Krabbe disease, also known as globoid cell leukodystrophy, is an autosomal recessive leukodystrophy.
Can vary and depends on age of onset 5.
- delayed milestones
- loss of developed milestones
There are at least two recognised forms 3,5:
- infantile form (85-90%): rapidly progressive usual onset <2 years of age
- late onset / adult form (10-15%): more slowly progressive
The formation of globoid cells (hence the name) is characteristic of the disease. It is caused by a deficiency of galactocerebroside ß-galactosidase, an enzyme that degrades cerebroside, a normal constituent of myelin. Cerebrosides accumulate in the lysosomes of macrophages within the white matter. This results in demyelination.
There is deficiency of the lysosomal enzyme galactocerebrosidase (GALC) which is a component in myelin metabolic turnover. This has been mapped to chromosome 14q.
Changes typically involve the corticospinal tracts.
May show hyperdense areas symmetrically involving the thalami 1 (case 1) , cerebellum, caudate nuclei, posterior limbs of the internal capsule, and brainstem. Changes may also extend into the centrum semiovale/corona radiata region 4-5.
- T2: may show high signal involving periventricular white matter 2 centrum semiovale and deep gray matter; subcortical U-fiber may be spared until late in the course of the disease 5
- T1 C+ (Gd): no contrast enhancement in these areas 2
- MRS: adult form may show abnormal choline elevation in centrum semiovale 7
Treatment and prognosis
Often tends to be progressive and fatal 5.
History and etymology
It is named after Knud Haraldsen Krabbe, a Danish neurologist (1885-1961) 6.
If similar imaging appearances are seen in an adult, consider amyotrophic lateral sclerosis (ALS) when there is corticospinal tract involvement.
- 1. Farina L, Bizzi A, Finocchiaro G et-al. MR imaging and proton MR spectroscopy in adult Krabbe disease. AJNR Am J Neuroradiol. 2000;21 (8): 1478-82. AJNR Am J Neuroradiol (full text) - Pubmed citation
- 2. Given CA, Santos CC, Durden DD. Intracranial and spinal MR imaging findings associated with Krabbe's disease: case report. AJNR Am J Neuroradiol. 2001;22 (9): 1782-5. AJNR Am J Neuroradiol (full text) - Pubmed citation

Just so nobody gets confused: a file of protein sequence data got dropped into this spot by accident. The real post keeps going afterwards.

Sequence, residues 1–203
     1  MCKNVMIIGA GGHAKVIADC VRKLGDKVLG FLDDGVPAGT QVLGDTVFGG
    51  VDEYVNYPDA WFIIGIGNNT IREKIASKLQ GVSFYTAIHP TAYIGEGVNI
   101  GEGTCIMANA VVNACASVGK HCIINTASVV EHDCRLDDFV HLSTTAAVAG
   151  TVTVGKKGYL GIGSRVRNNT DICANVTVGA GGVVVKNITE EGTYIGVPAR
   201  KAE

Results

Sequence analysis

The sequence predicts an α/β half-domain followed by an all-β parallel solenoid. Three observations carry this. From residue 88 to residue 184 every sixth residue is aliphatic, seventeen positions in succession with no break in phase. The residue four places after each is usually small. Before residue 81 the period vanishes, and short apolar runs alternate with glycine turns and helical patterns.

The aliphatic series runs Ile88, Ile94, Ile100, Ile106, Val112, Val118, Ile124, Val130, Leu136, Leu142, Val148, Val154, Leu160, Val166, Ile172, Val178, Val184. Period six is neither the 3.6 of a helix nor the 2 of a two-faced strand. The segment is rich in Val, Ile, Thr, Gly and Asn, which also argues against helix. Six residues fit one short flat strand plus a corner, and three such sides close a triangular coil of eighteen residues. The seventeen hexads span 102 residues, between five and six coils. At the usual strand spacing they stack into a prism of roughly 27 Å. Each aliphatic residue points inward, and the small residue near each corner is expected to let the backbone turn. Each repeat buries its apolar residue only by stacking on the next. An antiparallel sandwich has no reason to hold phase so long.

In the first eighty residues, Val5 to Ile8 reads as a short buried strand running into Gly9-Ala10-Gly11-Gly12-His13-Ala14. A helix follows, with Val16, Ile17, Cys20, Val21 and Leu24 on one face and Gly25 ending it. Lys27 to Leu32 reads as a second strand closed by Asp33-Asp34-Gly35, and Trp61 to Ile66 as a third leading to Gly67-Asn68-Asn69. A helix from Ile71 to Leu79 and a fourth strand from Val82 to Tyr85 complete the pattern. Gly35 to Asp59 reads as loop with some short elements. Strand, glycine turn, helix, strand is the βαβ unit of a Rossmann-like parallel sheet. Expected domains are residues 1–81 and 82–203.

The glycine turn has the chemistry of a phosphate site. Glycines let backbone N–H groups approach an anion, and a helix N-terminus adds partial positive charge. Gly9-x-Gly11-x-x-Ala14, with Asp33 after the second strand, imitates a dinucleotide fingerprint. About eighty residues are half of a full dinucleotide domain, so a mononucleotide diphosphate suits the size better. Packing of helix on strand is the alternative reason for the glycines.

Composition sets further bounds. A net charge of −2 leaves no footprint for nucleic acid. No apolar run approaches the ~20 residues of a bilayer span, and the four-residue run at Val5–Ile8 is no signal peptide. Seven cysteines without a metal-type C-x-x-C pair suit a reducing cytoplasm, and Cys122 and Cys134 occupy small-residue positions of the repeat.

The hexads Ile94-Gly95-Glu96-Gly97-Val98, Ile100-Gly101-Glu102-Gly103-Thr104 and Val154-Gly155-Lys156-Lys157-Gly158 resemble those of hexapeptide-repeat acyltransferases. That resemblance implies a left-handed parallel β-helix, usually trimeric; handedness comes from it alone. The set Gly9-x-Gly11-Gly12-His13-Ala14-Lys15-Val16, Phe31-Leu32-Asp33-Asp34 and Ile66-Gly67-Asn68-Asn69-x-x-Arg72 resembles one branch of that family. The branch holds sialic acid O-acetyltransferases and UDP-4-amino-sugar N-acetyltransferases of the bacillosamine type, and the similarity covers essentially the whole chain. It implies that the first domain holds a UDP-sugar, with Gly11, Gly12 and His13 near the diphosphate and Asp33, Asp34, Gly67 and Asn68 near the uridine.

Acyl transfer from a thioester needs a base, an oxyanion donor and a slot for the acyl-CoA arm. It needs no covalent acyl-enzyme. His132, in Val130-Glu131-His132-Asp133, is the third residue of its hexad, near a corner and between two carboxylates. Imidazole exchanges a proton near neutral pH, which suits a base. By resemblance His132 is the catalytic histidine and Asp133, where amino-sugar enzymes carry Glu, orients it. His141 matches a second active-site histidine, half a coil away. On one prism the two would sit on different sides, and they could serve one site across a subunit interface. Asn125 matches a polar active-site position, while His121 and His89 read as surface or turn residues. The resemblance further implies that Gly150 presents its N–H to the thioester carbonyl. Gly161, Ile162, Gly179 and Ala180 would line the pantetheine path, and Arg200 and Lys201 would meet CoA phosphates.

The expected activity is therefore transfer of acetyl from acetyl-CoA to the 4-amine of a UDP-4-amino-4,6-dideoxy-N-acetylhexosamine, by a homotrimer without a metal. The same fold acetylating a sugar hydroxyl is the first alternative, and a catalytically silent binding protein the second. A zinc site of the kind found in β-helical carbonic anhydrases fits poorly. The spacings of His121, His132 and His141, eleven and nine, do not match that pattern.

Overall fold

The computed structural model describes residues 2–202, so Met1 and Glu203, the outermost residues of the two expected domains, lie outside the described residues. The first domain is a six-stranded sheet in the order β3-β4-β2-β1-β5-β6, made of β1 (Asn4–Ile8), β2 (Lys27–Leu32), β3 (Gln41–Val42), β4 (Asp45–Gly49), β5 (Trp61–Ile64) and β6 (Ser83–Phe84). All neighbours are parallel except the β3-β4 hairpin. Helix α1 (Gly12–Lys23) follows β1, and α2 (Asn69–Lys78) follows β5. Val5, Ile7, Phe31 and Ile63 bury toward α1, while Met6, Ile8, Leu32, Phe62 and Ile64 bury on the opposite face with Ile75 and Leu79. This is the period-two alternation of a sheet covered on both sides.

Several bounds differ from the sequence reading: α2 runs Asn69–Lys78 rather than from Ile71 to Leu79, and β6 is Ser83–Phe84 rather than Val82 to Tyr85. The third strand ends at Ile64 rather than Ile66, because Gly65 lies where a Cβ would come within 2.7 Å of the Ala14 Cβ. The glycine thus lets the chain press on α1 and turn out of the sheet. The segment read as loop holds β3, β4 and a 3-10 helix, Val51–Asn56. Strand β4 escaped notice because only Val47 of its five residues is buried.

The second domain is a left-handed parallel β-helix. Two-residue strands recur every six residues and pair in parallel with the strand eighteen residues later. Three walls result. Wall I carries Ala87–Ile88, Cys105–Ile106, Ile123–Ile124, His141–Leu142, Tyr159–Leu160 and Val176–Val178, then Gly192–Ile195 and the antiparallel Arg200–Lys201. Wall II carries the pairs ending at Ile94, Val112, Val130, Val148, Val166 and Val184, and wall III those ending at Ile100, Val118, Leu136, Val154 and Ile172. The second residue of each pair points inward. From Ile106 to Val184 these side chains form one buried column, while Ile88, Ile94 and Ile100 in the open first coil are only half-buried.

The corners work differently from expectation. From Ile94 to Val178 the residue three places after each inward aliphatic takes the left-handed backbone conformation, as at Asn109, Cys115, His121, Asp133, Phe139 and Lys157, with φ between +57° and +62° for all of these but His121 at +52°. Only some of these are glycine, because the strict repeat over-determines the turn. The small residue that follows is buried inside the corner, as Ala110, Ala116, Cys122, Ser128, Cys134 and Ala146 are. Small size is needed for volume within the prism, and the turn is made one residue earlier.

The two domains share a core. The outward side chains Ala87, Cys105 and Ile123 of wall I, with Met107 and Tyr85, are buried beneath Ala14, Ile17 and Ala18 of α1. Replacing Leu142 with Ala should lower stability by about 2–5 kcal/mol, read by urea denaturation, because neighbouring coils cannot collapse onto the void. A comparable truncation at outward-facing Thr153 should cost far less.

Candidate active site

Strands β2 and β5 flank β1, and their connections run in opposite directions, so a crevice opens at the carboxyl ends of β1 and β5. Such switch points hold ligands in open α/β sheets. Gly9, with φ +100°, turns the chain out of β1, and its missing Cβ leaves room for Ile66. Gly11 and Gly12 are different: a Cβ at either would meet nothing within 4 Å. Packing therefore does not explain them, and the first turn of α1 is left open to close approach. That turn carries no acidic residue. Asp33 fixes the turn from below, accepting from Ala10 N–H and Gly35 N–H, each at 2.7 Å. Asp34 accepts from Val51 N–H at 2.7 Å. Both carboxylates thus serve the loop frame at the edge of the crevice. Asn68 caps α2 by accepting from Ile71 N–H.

- 3. Provenzale JM, Peddi S, Kurtzberg J et-al. Correlation of neurodevelopmental features and MRI findings in infantile Krabbe's disease. AJR Am J Roentgenol. 2009;192 (1): 59-65. doi:10.2214/AJR.07.3885 - Pubmed citation
- 4. Choi S, Enzmann DR. Infantile Krabbe disease: complementary CT and MR findings. AJNR Am J Neuroradiol. 14 (5): 1164-6. AJNR Am J Neuroradiol (abstract) - Pubmed citation
- 5. Cheon JE, Kim IO, Hwang YS et-al. Leukodystrophy in children: a pictorial review of MR imaging features. Radiographics. 22 (3): 461-76. Radiographics (full text) - Pubmed citation
- 6. Schlesch T, Fog T. Bibliography of the works of Knud H. Krabbe. Acta Psychiatr Neurol Scand. 1955;30 (1-2): VII-XIX. - Pubmed citation
- 7. Farina L, Bizzi A, Finocchiaro G et-al. MR imaging and proton MR spectroscopy in adult Krabbe disease. AJNR Am J Neuroradiol. 2000;21 (8): 1478-82. AJNR Am J Neuroradiol (full text) - Pubmed citation
- 8. Wenger DA. Krabbe Disease. 2000 Jun 19 [Updated 2011 Mar 31]. In: Pagon RA, Adam MP, Ardinger HH, et al., editors. GeneReviews® [Internet]. Seattle (WA): University of Washington, Seattle; 1993-2015. Available from: http://www.ncbi.nlm.nih.gov/books/NBK1238/
Inborn errors of metabolism
- disorders of carbohydrate metabolism
- disorders of amino acid metabolism
disorders of the urea cycle
- carbamoyl phosphate synthetase I deficiency
- ornithine transcarbamylase deficiency (OTCD)
- disorders of organic acid metabolism
- disorders of fatty acid oxidation and mitochondrial metabolism
- disorders of porphyrin metabolism
- disorders of purine or pyrimidine metabolism
- disorders of steroid metabolism
- disorders of mitochondrial function
- disorders of peroxisomal function
lysosomal storage disorders
- activator Deficiency/GM2 Gangliosidosis
- cholesteryl ester storage disease
- chronic hexosaminidase A Deficiency
- Danon disease
- Fabry disease
- Farber disease
- Gaucher disease
- GM1 gangliosidosis
- I-Cell disease/Mucolipidosis II
- infantile free sialic acid storage disease
- juvenile hexosaminidase A deficiency
- Krabbe disease
- lysosomal acid lipase deficiency
- metachromatic Leukodystrophy
- multiple sulfatase deficiency
- Niemann-Pick disease
- meuronal ceroid lipofuscinoses
- CLN6 disease
- Finnish Variant Late Infantile CLN5
- Jansky-Bielschowsky disease
- Kufs disease
- northern epilepsy
- Santavuori-Haltia disease
- Pompe disease
- Sandhoff disease
- Schindler disease
- Salla disease
- Tay-Sachs disease
- Wolman disease